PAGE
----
c.          Approach conflict, but do so without the anger or aggression.  Most folks, (men) tend to get loud and angry when confronted with a perspective that challenges how they view themselves.  When voices are raised, when folks become aggressive, we lose because listening stops.  Learning to speak honestly and assertively, without aggression is difficult and requires discipline, but it is the only shot we have of being heard.

3.         Discuss key leadership transition principles.  Begin the conversation with questions such as:

a.         Opportunity vs. entitlement:  Is leadership of this company the right of a family member, or is it an opportunity for a qualified family member?

b.         Stewardship vs. self-interest:  What are the implications of acting out of self-interest vs. acting as stewards of our business?

c.          Meritocracy vs. equality:  Do we believe in merit-based pay and promotion, or should all family members have equal pay and roughly equal responsibility?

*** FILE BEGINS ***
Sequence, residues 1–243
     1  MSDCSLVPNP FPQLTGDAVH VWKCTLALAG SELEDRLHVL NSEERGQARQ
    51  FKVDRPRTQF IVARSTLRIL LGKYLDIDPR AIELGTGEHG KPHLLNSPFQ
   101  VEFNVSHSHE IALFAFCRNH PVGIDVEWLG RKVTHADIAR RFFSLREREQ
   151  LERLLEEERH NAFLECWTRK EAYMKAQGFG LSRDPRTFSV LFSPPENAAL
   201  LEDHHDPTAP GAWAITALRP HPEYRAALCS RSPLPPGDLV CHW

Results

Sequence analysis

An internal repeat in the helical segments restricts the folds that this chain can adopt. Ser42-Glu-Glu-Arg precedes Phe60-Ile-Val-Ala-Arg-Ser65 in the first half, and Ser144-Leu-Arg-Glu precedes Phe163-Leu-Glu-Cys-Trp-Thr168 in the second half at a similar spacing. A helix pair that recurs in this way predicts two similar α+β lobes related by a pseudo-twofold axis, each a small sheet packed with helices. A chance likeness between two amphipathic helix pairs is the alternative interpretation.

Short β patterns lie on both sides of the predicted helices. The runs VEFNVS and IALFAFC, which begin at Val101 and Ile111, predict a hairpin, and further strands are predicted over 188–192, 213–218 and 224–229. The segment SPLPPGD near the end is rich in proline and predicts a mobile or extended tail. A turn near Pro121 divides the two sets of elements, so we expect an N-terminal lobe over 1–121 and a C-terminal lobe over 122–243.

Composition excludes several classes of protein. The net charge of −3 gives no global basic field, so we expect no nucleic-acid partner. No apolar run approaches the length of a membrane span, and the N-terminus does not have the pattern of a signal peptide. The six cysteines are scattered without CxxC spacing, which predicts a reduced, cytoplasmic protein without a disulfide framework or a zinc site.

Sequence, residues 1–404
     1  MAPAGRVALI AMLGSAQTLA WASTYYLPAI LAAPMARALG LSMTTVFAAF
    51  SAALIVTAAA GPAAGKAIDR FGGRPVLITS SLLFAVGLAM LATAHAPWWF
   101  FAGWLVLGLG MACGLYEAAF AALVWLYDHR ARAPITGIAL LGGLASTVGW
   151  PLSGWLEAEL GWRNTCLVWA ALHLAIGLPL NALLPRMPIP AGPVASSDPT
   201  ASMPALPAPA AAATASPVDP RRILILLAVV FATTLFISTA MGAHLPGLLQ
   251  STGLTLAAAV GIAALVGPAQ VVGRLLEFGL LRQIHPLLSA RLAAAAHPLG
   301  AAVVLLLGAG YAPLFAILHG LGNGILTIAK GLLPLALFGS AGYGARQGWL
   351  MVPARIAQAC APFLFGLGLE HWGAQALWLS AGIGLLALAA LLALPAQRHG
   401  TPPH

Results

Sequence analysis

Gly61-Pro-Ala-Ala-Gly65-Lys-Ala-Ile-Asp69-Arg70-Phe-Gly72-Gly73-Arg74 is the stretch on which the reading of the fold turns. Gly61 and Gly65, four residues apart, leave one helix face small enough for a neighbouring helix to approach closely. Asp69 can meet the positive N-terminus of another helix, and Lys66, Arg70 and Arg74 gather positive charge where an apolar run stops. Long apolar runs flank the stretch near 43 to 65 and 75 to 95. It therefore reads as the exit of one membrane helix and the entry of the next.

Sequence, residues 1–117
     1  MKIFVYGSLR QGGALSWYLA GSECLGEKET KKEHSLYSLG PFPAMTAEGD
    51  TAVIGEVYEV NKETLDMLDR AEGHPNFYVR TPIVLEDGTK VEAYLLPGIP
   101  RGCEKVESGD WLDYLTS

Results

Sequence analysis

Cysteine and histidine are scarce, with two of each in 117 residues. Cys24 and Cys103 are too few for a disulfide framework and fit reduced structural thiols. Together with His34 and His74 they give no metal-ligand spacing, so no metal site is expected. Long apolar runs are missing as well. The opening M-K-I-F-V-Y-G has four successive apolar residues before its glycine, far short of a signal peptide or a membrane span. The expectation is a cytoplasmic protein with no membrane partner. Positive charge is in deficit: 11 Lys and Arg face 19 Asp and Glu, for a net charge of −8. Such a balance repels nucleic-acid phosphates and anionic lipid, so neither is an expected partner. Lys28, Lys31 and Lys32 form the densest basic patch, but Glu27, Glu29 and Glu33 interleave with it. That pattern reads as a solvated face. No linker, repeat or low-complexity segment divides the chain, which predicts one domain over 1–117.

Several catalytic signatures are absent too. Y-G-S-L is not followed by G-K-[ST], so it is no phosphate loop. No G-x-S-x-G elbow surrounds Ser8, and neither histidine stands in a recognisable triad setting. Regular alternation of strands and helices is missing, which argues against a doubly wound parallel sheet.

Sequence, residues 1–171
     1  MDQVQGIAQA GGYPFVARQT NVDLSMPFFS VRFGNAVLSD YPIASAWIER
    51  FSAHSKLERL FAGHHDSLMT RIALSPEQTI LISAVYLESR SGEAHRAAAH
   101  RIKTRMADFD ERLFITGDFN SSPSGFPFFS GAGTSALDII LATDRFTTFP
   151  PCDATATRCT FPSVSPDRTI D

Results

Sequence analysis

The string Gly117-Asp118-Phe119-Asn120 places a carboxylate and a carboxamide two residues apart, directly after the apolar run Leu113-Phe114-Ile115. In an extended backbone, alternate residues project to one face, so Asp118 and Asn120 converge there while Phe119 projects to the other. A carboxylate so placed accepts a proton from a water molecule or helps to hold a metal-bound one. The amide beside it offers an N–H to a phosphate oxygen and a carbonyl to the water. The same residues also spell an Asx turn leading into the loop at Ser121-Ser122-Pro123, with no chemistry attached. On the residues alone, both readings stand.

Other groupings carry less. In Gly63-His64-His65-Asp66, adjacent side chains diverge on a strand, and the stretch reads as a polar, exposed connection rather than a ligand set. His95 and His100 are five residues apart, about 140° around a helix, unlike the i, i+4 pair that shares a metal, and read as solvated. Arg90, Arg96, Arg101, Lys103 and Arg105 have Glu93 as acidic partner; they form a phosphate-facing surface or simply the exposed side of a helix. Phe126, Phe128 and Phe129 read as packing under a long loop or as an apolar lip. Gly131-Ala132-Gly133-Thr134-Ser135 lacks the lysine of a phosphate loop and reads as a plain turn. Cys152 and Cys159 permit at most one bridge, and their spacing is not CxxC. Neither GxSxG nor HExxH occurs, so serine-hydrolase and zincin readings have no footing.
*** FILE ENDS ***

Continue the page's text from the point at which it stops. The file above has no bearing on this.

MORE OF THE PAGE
d.        Freedom vs. obligation:  Are family members free to pursue their individual interests and passions, or are they obliged to work for the business?

e.         Accountability vs. impunity:  Do we believe in holding working family members accountable for their performance?  If so, how?

4.        Process vs. Person.  Agree on a process of developing your talent, evaluating that talent, and choosing a successor—rather than focusing on “who” will be the next president.  Ideally, bring on a Board of Directors or Board of Advisors to help manage the succession process.  In this way, the senior generation leader is relieved of “choosing” one child over the other, and the process is professionalized.

Why is succession so difficult?  I think the reason is because life is difficult—and the relationships in our lives are difficult.  At its core, succession is about conversation, deep, honest, and difficult conversations with those we love.   It can create disappointment, pain and conflict, something we all like to avoid.  Yet, with practice and discipline these conversations can be productive.  

In summary, as you enter the succession process, define some rules for how you will talk with each other, define the principles that will guide the overall process, and, if possible, seek some outside guidance (a Board of Directors or Advisors) to help you manage the transition.